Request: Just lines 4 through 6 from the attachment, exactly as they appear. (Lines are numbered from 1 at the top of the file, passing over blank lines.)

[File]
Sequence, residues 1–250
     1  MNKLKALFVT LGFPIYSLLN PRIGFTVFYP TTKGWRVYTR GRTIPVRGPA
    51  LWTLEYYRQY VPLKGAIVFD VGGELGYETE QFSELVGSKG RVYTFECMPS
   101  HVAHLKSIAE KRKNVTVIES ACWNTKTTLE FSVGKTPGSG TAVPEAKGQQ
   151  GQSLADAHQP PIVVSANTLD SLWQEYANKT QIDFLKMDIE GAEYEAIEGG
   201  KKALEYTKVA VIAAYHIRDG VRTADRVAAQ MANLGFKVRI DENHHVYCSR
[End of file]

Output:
   101  HVAHLKSIAE KRKNVTVIES ACWNTKTTLE FSVGKTPGSG TAVPEAKGQQ
   151  GQSLADAHQP PIVVSANTLD SLWQEYANKT QIDFLKMDIE GAEYEAIEGG
   201  KKALEYTKVA VIAAYHIRDG VRTADRVAAQ MANLGFKVRI DENHHVYCSR